Davis back at the helm
By GREG WHITE
RUGBY league icon Paul Davis can add another honour to his long, long list after being appointed coach of the senior VB Group 2 representative team to take part in the historic Centenary Cup competition.
Davis, who this year moves from Macksville to take up the reins as coaching director of new club Dunghutti, was so keen to return to the job he last held in 2006, the bid went in as soon as applications opened.
"Paul was a huge success when he was last in the chair and only stood aside when settling into his new job with the Health Department," president Greg Mayhew said.
"If anybody can slide straight in to continue the wonderful work done by Craig Wallace, it's him."
Wallace only decided not to apply for an extension of his role at the very last moment.
"In the final four days before the application had to be in I was out of town on business and it gave me time to think about what I should do," he said.
"In the end I felt the needs (at Sawtell) were more important and decided to concentrate my efforts there.
"Davo is a fantastic fella and will do a great job and I'm happy to chip in with any support that he needs."
For the first time since the boundaries were re-aligned in 1966, Group 2 will not be confronting southern neighbours Group 3 when the state-wide knockout begins in Armidale on May 3.
The opponent will be Armidale-based Group 19 with the victor facing the winner of the Group 3/Group 4 clash one week later.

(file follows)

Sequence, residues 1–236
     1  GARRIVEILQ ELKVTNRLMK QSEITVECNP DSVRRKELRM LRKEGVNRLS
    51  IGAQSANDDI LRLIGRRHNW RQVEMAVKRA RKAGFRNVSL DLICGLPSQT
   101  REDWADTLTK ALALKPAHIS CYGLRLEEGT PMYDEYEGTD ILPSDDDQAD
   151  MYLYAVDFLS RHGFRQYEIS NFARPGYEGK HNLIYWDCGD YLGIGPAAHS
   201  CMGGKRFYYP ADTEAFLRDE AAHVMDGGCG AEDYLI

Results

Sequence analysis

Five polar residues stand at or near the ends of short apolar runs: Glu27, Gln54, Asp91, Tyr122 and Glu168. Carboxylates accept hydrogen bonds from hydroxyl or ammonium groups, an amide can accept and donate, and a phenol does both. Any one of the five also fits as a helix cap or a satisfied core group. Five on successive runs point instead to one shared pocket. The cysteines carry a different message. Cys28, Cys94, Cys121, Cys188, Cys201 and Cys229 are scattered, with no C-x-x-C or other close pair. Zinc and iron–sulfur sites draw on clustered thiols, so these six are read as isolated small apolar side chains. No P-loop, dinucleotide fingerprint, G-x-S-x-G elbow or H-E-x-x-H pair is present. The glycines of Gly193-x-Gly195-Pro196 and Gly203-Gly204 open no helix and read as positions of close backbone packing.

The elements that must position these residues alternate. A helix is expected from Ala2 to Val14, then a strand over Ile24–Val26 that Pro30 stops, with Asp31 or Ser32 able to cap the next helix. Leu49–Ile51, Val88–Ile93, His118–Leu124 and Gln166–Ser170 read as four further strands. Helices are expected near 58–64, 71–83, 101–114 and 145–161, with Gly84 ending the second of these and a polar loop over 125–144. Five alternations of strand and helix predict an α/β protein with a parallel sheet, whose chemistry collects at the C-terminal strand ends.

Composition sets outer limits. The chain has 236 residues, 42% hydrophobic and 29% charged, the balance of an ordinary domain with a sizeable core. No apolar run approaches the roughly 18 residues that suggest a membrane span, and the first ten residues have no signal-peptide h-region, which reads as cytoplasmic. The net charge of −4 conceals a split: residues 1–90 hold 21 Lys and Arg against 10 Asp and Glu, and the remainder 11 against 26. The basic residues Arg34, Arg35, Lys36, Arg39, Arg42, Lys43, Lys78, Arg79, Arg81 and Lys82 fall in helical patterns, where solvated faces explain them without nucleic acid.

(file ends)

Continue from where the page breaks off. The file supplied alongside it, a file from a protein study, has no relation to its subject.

The new format makes it extremely difficult for Groups to win the Cup as survivors must tangle with a Division-strength outfit once the semi finals are reached.
n OVERDUE changes are certain to be made to the format of this year's Group 2 playoffs.
An alarming fall in gate-takings during the semi series' of 2006-7 has forced drastic action with the scrapping of a home game allocation to the side finishing fifth, clearing the way for all sides playing before the biggest group of home town supporters possible.
The idea was suggested by new Management Committee member and former New South Wales Country coach Scott Mieni and means the team who finished higher on the table by the end of the minor premiership will usually get a home ground advantage.
"Under the old system we saw Woolgoolga play Sawtell at Port Macquarie in 2005 and two men and a dog turn up to watch," Mieni said.
"This scheme was proven when I was in Cobar and while it can have one bug if results go a certain way, it always means the two clubs battling it out will have the advantage of a decent gate from playing before home supporters."